Writer: Felix Barrett
Choreographer: Maxine Doyle
Directors: Felix Barrett and Maxine Doyle
In 1870, Heinrich Schliemann satisfied his lifelong obsession with Homer and The Iliad, journeyed to Hisarlik in Turkey, and began to look there for the city of Troy, the city Homer described as under siege by a Greek army for ten years. Schliemann found multiple traces of cities on the site, bulldozed and dynamited out of the way any he didn’t like, and found a layer of burnt earth indicating a city that had been destroyed by fire, the Burnt City. After an eight-year absence from London, Felix Barrett and Maxine Doyle, directors of Punchdrunk Theatre, have established a base in two warehouses in Woolwich courtesy of Greenwich Council, and built a city of their own, an immersive experience they call The Burnt City.
Felix Barrett founded Punchdrunk in 2000. He believed that audiences should have greater freedom to select what they experienced in a theatre, and so he built immersive environments for audiences to wander through freely, exploring and experiencing at their own whim. He put them in white masks to make them ghost-like mute witnesses, and based performance largely on dance and wordless acting.
There are three different aspects of a Punchdrunk show. First, there are insanely well-realised sets, dressed with staggering attention to detail, full of clues and hints. Any Punchdrunk fan will be blown away by the extent of the details in this space – living and work spaces of all sorts, with objects and documents to examine and consider. This is attention to detail is the hallmark of all Punchdrunk productions, and it is superbly presented.
Second, performers loom out of the semi-darkness and perform a few feet from the faces of their audience, who give them space to move but are otherwise on the same level, in the same place. There is a Punchdrunk audience technique of latching on to a performer and following them through the space, to observe their character’s interactions. This means that most performers move through the space with a comet tail of twenty or so masked followers, who circle each interaction and make it quite hard to see what’s happening. The most significant interactions are given some height, though, so it’s always possible to see something.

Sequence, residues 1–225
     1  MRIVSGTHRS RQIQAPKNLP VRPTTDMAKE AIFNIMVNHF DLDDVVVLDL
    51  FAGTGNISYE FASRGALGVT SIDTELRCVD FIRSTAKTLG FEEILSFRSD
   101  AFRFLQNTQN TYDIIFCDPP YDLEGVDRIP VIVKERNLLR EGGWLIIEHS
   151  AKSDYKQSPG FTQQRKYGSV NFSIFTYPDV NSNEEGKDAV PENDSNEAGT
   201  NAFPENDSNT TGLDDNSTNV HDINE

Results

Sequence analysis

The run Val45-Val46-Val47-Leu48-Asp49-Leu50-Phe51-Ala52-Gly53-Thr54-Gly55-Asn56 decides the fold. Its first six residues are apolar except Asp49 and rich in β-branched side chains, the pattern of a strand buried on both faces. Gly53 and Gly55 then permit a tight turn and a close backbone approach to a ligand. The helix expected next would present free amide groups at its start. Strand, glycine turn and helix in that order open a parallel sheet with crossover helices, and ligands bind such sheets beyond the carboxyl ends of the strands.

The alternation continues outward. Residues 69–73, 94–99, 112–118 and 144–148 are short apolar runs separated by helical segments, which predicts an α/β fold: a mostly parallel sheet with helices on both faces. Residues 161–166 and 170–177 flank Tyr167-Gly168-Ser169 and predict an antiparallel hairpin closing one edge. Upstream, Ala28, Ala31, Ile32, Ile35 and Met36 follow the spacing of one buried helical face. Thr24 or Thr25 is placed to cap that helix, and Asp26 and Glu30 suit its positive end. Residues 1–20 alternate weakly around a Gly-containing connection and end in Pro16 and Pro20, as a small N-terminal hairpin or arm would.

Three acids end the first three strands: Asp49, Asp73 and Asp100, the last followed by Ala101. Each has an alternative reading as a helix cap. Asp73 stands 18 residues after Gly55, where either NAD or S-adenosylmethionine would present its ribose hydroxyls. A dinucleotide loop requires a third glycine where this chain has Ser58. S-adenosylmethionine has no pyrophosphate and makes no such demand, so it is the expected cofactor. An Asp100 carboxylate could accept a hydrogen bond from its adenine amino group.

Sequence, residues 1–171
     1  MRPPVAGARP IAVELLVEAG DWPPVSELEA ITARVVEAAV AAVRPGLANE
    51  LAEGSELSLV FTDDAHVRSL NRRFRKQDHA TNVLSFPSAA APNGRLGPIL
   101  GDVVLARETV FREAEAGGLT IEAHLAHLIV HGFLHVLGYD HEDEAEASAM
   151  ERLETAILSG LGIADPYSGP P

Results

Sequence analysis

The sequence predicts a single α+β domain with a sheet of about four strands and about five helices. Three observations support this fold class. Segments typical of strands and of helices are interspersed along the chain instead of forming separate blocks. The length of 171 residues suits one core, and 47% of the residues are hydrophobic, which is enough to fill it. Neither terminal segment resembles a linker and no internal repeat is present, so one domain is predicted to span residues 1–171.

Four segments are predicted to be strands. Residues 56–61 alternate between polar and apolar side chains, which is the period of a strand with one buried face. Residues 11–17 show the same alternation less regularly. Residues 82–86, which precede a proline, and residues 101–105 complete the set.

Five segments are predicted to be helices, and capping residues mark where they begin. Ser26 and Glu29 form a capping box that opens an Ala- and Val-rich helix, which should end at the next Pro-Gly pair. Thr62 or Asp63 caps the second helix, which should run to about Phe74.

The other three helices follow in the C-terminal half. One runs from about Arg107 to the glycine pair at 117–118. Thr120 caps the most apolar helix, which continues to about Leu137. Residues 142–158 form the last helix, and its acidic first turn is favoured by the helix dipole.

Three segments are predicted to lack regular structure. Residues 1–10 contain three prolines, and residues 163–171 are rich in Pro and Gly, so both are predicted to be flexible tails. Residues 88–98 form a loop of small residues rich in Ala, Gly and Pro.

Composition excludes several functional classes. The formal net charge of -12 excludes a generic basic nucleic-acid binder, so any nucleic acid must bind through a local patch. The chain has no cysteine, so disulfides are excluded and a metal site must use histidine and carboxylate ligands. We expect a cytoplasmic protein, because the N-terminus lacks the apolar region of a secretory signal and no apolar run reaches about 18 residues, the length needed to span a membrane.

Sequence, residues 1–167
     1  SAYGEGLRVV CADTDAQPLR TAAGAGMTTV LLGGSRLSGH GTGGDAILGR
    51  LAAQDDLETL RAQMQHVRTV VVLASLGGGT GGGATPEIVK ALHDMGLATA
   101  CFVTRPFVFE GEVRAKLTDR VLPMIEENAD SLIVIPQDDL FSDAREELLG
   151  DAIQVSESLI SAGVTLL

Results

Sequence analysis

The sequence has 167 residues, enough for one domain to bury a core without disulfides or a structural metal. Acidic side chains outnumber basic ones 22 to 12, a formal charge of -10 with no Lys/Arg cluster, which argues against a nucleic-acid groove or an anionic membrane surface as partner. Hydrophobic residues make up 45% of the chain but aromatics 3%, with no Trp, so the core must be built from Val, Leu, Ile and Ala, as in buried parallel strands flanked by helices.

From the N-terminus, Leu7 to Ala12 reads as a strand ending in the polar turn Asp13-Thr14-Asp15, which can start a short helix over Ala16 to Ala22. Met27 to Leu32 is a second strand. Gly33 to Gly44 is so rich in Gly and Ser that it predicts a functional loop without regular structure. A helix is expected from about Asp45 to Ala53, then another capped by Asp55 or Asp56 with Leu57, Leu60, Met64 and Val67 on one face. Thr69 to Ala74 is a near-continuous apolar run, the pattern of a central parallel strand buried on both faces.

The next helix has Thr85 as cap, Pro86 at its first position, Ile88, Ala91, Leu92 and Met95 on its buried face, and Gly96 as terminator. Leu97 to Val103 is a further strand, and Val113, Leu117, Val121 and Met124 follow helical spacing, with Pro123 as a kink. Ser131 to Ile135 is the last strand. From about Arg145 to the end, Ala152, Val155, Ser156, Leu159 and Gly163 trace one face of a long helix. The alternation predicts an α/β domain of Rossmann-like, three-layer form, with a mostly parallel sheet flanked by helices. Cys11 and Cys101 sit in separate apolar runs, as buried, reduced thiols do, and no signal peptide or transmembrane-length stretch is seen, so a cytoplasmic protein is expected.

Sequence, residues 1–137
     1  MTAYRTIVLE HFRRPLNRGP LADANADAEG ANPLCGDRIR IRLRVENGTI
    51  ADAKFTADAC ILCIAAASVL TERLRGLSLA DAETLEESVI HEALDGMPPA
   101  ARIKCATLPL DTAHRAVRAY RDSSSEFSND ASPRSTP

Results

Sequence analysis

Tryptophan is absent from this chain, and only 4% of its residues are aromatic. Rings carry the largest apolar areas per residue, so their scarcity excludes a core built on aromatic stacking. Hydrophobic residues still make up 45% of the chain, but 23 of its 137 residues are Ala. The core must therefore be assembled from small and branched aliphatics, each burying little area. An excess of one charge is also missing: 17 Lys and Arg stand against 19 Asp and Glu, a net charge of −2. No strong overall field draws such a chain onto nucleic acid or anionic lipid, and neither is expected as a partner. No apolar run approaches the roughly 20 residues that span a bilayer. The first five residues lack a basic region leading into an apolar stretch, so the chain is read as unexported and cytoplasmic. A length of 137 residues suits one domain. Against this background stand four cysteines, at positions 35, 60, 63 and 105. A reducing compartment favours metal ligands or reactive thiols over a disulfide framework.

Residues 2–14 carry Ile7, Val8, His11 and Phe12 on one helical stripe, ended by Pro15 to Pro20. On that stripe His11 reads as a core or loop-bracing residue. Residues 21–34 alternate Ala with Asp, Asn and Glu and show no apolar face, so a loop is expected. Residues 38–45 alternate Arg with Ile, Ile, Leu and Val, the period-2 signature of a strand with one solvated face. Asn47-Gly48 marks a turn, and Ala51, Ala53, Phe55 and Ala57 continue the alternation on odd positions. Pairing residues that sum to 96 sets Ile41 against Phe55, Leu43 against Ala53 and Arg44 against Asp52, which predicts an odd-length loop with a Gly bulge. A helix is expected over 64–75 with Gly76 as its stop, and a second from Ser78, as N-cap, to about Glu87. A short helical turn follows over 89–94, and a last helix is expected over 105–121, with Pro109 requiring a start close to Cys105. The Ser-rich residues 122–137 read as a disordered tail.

Maxine Doyle choreographs slow, combative pieces, with a lot of contact and climbing on other dancer’s bodies, a cross between erotic and aggressive. The movements are repetitive and powerful, rarely elegant, and emerge from the haze and half-light provided by lighting designers F9 and Ben Donoghue. Half-light is a feature of the event. Misty glasses under Covid mask and Punchdrunk mask, dim, atmospheric, gloomy – the presence of hazard tape on stairways and illuminated exit-signs are very helpful, though they do reduce the sense of immersion. The other audience members are similarly hard to ignore, as they step around and in front of each other.
The third, and least successful aspect of the Punchdrunk experience, is the engagement with sources. In his previous work The Drowned Man, Felix Barrett welded together elements of Georg Buchner’s Woyzeck with elements of Nathanael West’s 1939 novel The Day of the Locust, and the conversation between the two texts seemed to focus more on the chance to dress characters in 1940’s Hollywood costumes than any mutual illumination. For this show, Barrett has taken Aeschylus’ Agamemnon and Euripides’ Hecuba, both dealing with the aftermath of war, both referring to a sacrificed daughter, and both featuring mothers wreaking vengeance on a man they deem responsible for their daughter’s death. But that is the extent of the engagement with those texts – sacrificed daughter, vengeful mother, murdered king. While it isn’t untrue, it’s a glib reading of hugely significant plays. It is very unclear who the actors represent (detective work ferreting about in the surrounding rooms might make that clearer), and therefore hard to engage emotionally. And Troy seems to have a colourful and exotic night-life despite ten years under siege.
Felix Barrett claims that his immersive productions give the audience a fuller, more intimate insight into the plays he uses. This isn’t apparent in this production. What is great is the exploration, the closeness to performers, the sense of inclusion; all those things make the Punchdrunk experience vivid and unique.
Runs until 4 December 2022